Getting to Know Mr. B.

May 22, 2013

Celebrating Balanchine

George Balanchine

George Balanchine

George Balanchine is acclaimed the world over as one of the greatest choreographers in the history of ballet. OBT’s  Celebrating Balanchine program offers a glorious spectrum of his art. In this blog, we offer a beyond-the-ballet picture of this creative genius, known to those who worked with him as Mr. B.

Giorgi Mellitonovitch Balachivadze didn’t take to ballet right away. He began his studies at age nine, at the Czar’s Imperial Ballet School in St. Petersburg. He was so unhappy that he ran away. With his debut at age ten, as a cupid in the Maryinsky Theatre Ballet Company production of The Sleeping Beauty, performing won him over.

George Balanchine (right) in his  ballet school uniform, with his brother Andrei.

George Balanchine (right) in his ballet school uniform, with his brother Andrei.

Balanchine as a Cupid in The Sleeping Beauty.

Balanchine as a Cupid in The Sleeping Beauty.

Partly out of economic necessity during his early years in the United States, Balanchine made choreography for Broadway and Hollywood musicals, and for elephants in the circus. He even got his cat Mourka leaping like a dancer.

Rehearsing for The Ballet of the Elephants to Stravinsky’s Circus Polka. Ringling Brothers and Barnum & Bailey Circus at Madison Square Garden in 1942. Photo: United Press International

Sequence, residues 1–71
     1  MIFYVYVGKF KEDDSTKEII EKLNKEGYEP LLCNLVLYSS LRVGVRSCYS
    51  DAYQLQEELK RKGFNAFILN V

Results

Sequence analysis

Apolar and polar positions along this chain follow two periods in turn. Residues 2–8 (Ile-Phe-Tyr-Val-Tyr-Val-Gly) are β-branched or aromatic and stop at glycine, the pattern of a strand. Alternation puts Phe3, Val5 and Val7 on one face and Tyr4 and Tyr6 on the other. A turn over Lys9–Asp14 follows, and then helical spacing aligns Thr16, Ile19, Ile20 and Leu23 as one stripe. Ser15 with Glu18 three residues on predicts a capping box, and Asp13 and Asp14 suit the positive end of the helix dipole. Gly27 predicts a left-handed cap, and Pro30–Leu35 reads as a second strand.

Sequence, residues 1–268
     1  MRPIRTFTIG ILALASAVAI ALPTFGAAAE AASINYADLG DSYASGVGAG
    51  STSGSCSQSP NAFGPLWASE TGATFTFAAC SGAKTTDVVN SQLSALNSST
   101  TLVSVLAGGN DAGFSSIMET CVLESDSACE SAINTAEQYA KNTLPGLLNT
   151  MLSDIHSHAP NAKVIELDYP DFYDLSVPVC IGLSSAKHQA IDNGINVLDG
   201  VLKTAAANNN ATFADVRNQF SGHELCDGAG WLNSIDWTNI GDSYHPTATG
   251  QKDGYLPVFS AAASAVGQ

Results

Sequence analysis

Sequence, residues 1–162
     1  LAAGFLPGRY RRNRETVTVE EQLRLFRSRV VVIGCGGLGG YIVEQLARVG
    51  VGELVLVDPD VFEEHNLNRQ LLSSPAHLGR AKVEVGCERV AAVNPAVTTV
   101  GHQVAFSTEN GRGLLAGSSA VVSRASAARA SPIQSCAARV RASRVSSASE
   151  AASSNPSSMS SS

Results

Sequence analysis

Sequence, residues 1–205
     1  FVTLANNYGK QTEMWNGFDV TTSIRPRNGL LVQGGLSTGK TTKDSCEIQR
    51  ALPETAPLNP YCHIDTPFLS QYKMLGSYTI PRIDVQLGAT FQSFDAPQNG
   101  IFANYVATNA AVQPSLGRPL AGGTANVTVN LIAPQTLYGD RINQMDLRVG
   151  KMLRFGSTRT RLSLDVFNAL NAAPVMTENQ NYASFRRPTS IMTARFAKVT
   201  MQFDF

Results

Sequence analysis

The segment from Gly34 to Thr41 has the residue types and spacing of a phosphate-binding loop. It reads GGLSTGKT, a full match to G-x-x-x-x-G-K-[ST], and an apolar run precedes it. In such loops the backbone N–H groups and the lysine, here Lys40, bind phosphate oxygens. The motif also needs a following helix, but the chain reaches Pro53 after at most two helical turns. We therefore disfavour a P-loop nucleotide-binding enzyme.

Rehearsing for The Ballet of the Elephants to Stravinsky’s Circus Polka. Ringling Brothers and Barnum & Bailey Circus at Madison Square Garden in 1942. Photo: United Press International

Mourka and Mr. B dancing at home. Photo: Martha Swope

Mourka and Mr. B dancing at home. Photo: Martha Swope

Ray Bolger, film dancer and star from the 1930s through the 1970s, wrote, “Working with Balanchine was like spinning from Juilliard to the Louvre to the Royal Academy of Dramatic Arts to Stillman’s Gymnasium.”

Tamara Geva and Ray Bolger dancing Balanchine’s Slaughter on 10th Avenue in the film “On Your Toes” in 1936.

Tamara Geva and Ray Bolger dancing Balanchine’s Slaughter on 10th Avenue in the film “On Your Toes” in 1936.

Mr. B was an accomplished musician. In addition to his ballet training, he studied piano, music theory, composition and harmony at the Conservatory of Music in St. Petersburg. On occasion, he composed music (Christopher Stowell used one of Balanchine’s piano pieces in his ballet Tolstoy’s Waltz), and sometimes prepared piano reductions of orchestral scores for music he intended to choreograph. He loved and respected music.

Balanchine at the piano, about 1941. Photo: Walker Evans.

Balanchine at the piano, about 1941. Photo: Walker Evans.

Balanchine married his creative muses, formally marrying and divorcing four times, and living for an extended period with another “wife.”

Balanchine with his first wife, Tamara Geva, in Russia in 1923. Photo: Courtesy of Karin von Aroldingen

Balanchine with his first wife, Tamara Geva, in Russia in 1923. Photo: Courtesy of Karin von Aroldingen